You did not create the inequalities and injustices of this world, daughter. You are neither solely nor uniquely responsible to fix them. If there is anything to learn from the story of our ancestry, it is that you should respect and protect yourself; that you should demand not only justice but joy; that you should see, truly see, the vulnerability and creativity and the enduring beauty of others.

Ever since I became a dad to a little girl of our own, practically every story of a father-daughter relationship has hit me right in the feels. And understandably so. That was my expectation when I started reading I’ve Been Meaning to Tell You: A Letter to My Daughter by Canadian author David Chariandy. As it turns out, this book is so much more than that. I can’t recommend it enough.

While there is certainly a parent perspective to how the narrative is presented, I’ve Been Meaning to Tell You is much more about navigating race relations in today’s world. It’s not prescriptive, necessarily. Rather, it’s more about how things were, how things are, and how things could be.

David Chariandy’s background is complicated. His mother is a black woman from Trinidad and his father is South Asian. With this heritage comes a history involving the slave trade and the indentured workers who followed. David himself grew up in the Toronto suburb of Scarborough. And then his wife is Caucasian, coming from a well-to-do family who have lived in Canada for generations.

He says he leads a rather privileged existence today, as an award-winning author and a professor in SFU’s English department. But it hasn’t always been that way.

Myself, I’m not “black” or “brown,” so I can’t speak directly to those experiences. And with a historically significant Chinese population in Vancouver, I’ve never really felt like a total minority. That being said, I have been attacked, bullied, profiled, or treated differently because I’m Asian. And while some Canadians may feel a moral superiority over our neighbors to the south, the fact of the matter is that racism is still a huge problem here; it’s just sometimes more covert.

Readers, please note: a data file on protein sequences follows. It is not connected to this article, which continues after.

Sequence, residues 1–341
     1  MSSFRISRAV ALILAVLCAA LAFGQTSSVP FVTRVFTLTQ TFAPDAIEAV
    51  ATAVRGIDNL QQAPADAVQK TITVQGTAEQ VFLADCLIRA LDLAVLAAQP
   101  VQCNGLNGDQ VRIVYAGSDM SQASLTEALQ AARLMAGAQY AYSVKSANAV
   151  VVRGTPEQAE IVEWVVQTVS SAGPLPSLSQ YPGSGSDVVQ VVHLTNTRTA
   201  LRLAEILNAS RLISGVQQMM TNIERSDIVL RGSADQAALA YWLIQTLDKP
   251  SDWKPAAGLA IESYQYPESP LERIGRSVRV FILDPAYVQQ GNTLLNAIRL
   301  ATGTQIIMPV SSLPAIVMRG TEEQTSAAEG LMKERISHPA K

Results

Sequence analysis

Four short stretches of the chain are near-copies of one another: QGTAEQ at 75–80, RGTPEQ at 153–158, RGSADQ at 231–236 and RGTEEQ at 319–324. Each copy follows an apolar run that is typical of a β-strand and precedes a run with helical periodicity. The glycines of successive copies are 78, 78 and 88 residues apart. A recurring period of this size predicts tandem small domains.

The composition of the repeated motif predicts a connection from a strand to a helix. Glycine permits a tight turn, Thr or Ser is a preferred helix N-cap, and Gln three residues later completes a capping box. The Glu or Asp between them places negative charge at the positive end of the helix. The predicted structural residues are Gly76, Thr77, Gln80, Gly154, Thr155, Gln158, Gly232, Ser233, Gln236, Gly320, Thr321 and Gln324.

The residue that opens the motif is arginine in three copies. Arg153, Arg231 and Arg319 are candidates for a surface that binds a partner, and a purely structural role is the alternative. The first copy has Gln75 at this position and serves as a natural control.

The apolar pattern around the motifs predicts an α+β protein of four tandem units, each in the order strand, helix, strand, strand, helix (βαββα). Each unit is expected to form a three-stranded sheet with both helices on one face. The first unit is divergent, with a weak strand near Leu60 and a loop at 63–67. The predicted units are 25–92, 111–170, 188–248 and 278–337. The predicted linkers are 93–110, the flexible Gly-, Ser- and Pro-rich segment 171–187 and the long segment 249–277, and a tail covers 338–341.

We are not Muslim. We do not face Islamophobia, the specificity and intensity of that bigotry, just as we are not Indigenous and so do not know that particular legacy of violence and survival. But the fact is that I require little imagination to understand what it feels like to be considered dispensable by the powerful within a country.

What does it mean to be a good Canadian kid? I don’t play hockey (I can’t even skate), I don’t ski or snowboard, and I’m not all that big on Tim Hortons. My parents came to this country with almost nothing and worked hard to provide my brother and I with a comfortable, middle-class upbringing. We’re not unique, in that regard, but we’re also very much not the “powerful” within our country either.

To lead a life where you don’t think about race on a near-daily basis is a privilege. One that is denied to almost every person of color. This is why we need to open up these conversations with programs like Dear White People and even Fresh Off the Boat. These stories need to be told, so that they can be heard by audiences of all backgrounds.

At one point in the book, David Chariandy turns to a passage by accomplished poet, playwright and essayist Zetta Elliott. She perhaps put it most poignantly, so let me leave you with this.

To be a person of colour is to be marked in a peculiar kind of way. You are at once highly visible — obvious, conspicuous, apparent. Yet at the same time you are virtually invisible — unseen, overlooked, transparent. Children, I think, share this strange experience — they are to be seen and not heard, they are spoken of, and spoken for, but not often spoken to. As a child of colour, I experienced this silencing effect while also enduring racial slights and slurs from strangers and family members alike.

I’ve Been Meaning to Tell You is a quick and easy read at about 120 pages. But it’s not really a “light” read insofar as it tackles some very tough, very real issues. I don’t care if you’re black, white, brown, red, yellow, orange, purple or green. Pick it up. And, if they’re old enough, talk to your kids about it.